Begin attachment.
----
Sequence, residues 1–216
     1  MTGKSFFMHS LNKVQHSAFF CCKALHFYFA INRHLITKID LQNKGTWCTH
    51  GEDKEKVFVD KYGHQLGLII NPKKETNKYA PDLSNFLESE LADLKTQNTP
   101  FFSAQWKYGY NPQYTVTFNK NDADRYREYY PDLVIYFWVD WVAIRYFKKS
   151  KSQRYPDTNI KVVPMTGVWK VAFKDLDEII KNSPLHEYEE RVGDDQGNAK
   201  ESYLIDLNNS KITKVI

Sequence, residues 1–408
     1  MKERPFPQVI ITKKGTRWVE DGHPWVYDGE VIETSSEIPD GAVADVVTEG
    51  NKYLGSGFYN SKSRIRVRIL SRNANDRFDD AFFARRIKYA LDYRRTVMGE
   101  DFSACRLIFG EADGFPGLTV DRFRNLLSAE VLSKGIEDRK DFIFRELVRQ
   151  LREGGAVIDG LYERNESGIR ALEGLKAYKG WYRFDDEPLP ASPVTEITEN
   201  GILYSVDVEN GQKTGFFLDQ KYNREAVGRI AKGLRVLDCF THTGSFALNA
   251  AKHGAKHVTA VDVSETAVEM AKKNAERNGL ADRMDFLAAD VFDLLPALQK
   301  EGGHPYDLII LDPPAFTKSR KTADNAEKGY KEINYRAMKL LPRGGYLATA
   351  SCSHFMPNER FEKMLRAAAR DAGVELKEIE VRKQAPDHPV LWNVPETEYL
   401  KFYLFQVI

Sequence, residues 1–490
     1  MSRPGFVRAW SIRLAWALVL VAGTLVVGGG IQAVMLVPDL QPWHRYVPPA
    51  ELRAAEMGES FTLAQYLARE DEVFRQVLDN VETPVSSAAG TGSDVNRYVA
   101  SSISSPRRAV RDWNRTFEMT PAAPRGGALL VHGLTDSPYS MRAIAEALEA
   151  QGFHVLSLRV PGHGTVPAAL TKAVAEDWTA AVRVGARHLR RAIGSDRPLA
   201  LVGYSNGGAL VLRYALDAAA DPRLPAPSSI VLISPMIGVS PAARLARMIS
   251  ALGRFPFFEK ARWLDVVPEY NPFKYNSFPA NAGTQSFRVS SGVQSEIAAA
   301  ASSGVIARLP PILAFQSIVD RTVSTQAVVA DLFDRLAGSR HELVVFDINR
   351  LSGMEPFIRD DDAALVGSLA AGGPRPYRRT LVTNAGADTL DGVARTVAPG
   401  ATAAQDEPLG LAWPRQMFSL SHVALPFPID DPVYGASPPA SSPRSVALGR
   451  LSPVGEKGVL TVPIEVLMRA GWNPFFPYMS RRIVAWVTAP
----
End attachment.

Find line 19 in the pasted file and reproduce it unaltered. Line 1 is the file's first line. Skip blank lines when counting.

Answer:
    51  ELRAAEMGES FTLAQYLARE DEVFRQVLDN VETPVSSAAG TGSDVNRYVA